What is working memory?

Working memory is the ability to remember and process information. It is critical for learning, from tackling complex tasks such as reading comprehension, mental arithmetic, and word problems to carrying out simple procedures like copying from the board and navigating around school.

There is a growing body of research indicating that working memory skills are important throughout a pupils’s educational career, from nursery to college. In a longitudinal study with British pre-school pupils, we found that working memory skills at age five are a powerful predictor of performance in language and maths six years later.

In addition, many pupils with learning difficulties also have poor working memory. In a large UK government-funded study, we found that one in 10 children in mainstream classrooms has poor working memory that affects their learning.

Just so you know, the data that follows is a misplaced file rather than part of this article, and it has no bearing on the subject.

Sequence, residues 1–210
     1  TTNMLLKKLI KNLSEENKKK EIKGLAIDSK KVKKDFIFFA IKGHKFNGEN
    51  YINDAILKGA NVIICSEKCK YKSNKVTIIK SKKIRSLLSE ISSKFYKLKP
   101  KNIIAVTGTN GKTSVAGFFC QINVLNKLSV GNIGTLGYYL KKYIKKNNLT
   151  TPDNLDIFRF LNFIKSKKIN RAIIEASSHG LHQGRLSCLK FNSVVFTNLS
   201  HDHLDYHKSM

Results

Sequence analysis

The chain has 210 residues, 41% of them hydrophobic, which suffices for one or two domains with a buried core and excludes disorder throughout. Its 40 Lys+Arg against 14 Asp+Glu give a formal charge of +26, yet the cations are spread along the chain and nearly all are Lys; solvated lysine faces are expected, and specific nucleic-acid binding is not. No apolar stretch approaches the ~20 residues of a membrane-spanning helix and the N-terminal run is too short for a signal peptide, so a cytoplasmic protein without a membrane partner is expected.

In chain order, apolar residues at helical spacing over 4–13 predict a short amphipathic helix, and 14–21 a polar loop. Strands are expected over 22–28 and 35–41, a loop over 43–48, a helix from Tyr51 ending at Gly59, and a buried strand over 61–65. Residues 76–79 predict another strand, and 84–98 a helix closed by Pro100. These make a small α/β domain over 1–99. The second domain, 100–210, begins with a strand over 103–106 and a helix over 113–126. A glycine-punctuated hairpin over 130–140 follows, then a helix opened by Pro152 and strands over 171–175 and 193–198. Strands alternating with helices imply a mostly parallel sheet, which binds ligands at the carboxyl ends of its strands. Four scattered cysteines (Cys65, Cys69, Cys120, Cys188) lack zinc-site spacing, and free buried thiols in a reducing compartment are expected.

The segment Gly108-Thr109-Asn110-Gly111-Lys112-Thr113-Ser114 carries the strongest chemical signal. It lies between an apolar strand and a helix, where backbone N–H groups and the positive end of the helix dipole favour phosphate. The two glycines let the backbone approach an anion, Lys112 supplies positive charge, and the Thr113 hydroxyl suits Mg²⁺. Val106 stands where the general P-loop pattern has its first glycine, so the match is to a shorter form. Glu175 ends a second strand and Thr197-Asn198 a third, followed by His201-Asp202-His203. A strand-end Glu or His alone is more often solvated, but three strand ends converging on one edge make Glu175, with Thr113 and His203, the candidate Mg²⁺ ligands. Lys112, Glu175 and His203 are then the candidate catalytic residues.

The ASD profile

Pupils like David have a double deficit: the core difficulties arising from their condition and problems with working memory. In David’s case, a restricted range of language and social skills is coupled with an inability to retain information relayed to him verbally.

These issues are interrelated. When compared to their peers, pupils on the autism spectrum are seven times more likely to achieve very poor scores in verbal short-term memory. As a result, they struggle to master the intricacies of language.

When it comes to organising and manipulating material already stored in the memory, a child’s profile depends on whether they are high or low functioning. Typically, high-functioning pupils can have average to above average verbal working memory, while low-functioning pupils often display deficits in this area.

Support strategies for pupils with ASD

We can support pupils like David through targeted strategies which provide a scaffold for learning and facilitate the retention of information in memory.

Address sensory overload